What to do with thread in Texas or the meaning of string
String: A cord or thread
twisted fiber like nerves in terror, twisted
as in hair, neck, heart
a string tied around a door knob to warn of incursion, to warn of repression, to warn of drugs placed by police in an apartment to make an arrest.
a masquerade of legality, a violation. Lee Otis Johnson, Student Non-Violent Coordinating Committee, arrested, evidence of drugs, one joint, one marijuana cigarette, thirty years in the joint, in and out and in again, violence in the cells, beat, beat, beaten,
like my heartbeat at two a.m., coming home to find the thin thread on my door knob broken. Too tired to NOT open the door.
Waiting to be arrested. Waiting.
Night work in Texas
I could tell you the story of a job
driving a donut truck at night
down into the ghetto, a bluesman singing
with washtub and strings of alcohol fumes
mixing with fat-fry grease and sticky donut goo,
and a lost dog, and how the shop man threw
the singer out and how across town
at the same moment a Quick-Stop clerk
was being robbed by a man with a rifle,
and so the clerk pulled a handgun on him
and how I heard the 7-11 guy laugh
when the Quick-Stop clerk was fired,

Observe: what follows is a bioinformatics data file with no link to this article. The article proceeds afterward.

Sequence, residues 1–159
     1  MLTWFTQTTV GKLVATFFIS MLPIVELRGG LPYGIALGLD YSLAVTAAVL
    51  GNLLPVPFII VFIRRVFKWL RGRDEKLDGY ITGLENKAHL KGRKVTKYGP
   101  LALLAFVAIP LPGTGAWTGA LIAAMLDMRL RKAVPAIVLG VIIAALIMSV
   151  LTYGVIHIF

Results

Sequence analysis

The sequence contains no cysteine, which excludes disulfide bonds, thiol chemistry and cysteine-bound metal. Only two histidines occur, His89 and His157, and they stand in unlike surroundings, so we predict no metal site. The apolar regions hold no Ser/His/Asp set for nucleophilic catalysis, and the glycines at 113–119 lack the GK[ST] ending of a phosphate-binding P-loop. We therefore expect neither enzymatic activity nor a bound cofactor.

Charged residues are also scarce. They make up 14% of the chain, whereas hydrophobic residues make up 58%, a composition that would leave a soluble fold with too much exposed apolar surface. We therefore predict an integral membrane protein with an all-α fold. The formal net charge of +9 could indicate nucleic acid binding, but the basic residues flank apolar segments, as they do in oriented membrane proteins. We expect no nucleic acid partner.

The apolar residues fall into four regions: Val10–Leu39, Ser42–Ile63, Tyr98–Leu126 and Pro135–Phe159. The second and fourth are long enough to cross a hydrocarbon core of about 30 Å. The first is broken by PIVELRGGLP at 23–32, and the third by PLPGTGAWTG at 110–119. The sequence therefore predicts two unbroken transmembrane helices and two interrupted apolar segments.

and then the 7-11 guy showed me
his guns and told me his other job — hit man,
and then he asked me
if there was anything I needed.
W.T. Talks Hard Time in the House
“I don’t care about your miserable shit life!”
A punch in the arm to me and she was spinning,
eyes flashing, body flouncing, door slammin’
pure D love a pass/fail stompin’ up the stairs,
Lady Discord throwing that proverbial
golden apple around the house,
but there ain’t no prize with this one,
no Helen waiting around to be hauled off to some
Troy, no ship in the harbor looking to sail,
but it sure feels like war,
and her guns aren’t on safety.
So I’m talking war in the household,
and let me tell you, parenting ain’t no
fruit bowl full of pick and choose.
So y’all, this is an American song,
and it’s about a daughter with disabilities
hitting a parent who’s just about had it,
and, God bless, there ain’t no real guns here.
Martha Jackson Kaplan is a Pushcart-nominated poet who draws her palette from a passion for history, color, and a sense of place. What do we see? What don’t we see? What and how do we say, or not say? Is it dangerous? She lives in Madison, Wisconsin where images from lives lived in other places occasionally break through. Her poems have appeared in many journals and anthologies, most recently Hospital Drive Anthology, An Ariel Anthology, and in Driftfish: A Zoomorphic Anthology. She can be found at marthakaplanpoet.com, where she doesn’t promise that everything is up to date.